2009 Portland GSA Annual Meeting (18-21 October 2009)

Paper No. 13
Presentation Time: 9:00 AM-6:00 PM


LONG, Ryan D.1, RUSK, Brian G.2, BLENKINSOP, Thomas G.1 and OLIVER, Nicholas H.S.1, (1)School of Earth & Environmental Sciences, James Cook University, Townsville, 4811, Australia, (2)School of Earth and Environmental Sciences, James Cook University, Townsville, QLD 4811, Australia, brian.rusk@jcu.edu.au

The sigmoidal 23km long Paroo Fault forms the footwall to the Mount Isa copper orebodies which lie within a silica and dolomite halo. Orebodies are predominantly located directly above the fault in the Proterozoic (c. 1650 Ma) Urquhart Shale which the fault juxtaposed against the metabasalts and psammites of the Haslingden Group (c.1750 Ma), though some are “perched” tens to hundreds of meters above the fault. The Paroo Fault is a probable conduit for ore-forming fluids but the paragenesis of the fault rocks has never been studied. Here we present results of transects across it from the basement to the overlying shales using petrography, microstructural analysis and cathodoluminescence (SEM-CL).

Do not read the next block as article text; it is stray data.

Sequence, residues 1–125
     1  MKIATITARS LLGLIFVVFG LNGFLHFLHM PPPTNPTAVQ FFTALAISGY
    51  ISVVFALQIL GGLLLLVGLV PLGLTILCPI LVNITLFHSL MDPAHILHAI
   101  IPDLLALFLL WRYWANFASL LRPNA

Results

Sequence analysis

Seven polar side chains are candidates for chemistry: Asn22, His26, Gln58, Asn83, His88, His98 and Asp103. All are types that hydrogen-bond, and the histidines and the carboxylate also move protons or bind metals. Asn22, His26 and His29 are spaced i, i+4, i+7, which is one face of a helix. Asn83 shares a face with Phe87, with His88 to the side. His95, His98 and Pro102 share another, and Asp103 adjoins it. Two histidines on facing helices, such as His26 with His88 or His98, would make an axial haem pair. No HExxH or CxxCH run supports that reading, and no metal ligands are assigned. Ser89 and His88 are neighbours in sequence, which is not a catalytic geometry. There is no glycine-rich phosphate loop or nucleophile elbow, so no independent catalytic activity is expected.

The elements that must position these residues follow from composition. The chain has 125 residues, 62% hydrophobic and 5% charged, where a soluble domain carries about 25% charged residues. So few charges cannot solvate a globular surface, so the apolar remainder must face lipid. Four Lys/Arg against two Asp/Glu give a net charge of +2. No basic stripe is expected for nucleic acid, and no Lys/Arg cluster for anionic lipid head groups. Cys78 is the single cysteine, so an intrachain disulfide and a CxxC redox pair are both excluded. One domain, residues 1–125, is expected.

The first generation of quartz (Q1) is brightly luminescent and consists of angular to sub-rounded clasts (10-100μm), formed during early faulting. A subsequent deformation caused fracturing and rounding of Q1 clasts. Then a weekly luminescent generation of quartz (Q2) formed angular to sub rounded clasts around Q1. Cross cutting Q2 are fine (10-30µm) veins of moderately luminescent quartz (Q3) containing sulphide. Coarse carbonate (C1) and some sulphide mineralisation formed (in the fault) and were subsequently deformed. Q4 is luminescent quartz which forms large veins (300-1000μm) and is cross cut by the final stage of quartz (Q5) comprising small (1-5μm) brightly luminescent veins. C2 carbonates form along the edge of the large recrystalised quartz (Q1-5) grain boundaries in association with microfracturing and grain size reduction. C2 is associated with chlorite and carbonaceous material and is prevalent at the edges of the Paroo Fault.

Reverse movement is recognized on the Paroo fault from macro-scale observations and from fluid inclusion plane (FIP) analysis. Normal movement is recognized from gouge marks on graphitic mylonite and quartz fish, drag structures, and the FIPs. Normal postdates reverse movement as the lineations are best preserved. Although the reverse movement determined from FIPs postdates Q1-3, this movement is consistent with the flat part of the Paroo Fault acting as a dilatant bend. We therefore concluded that the quartz (Q3) and carbonate (C1) veins which are associated with sulphide mineralisation may have been caused by reverse movement creating a dilatational jog during D3.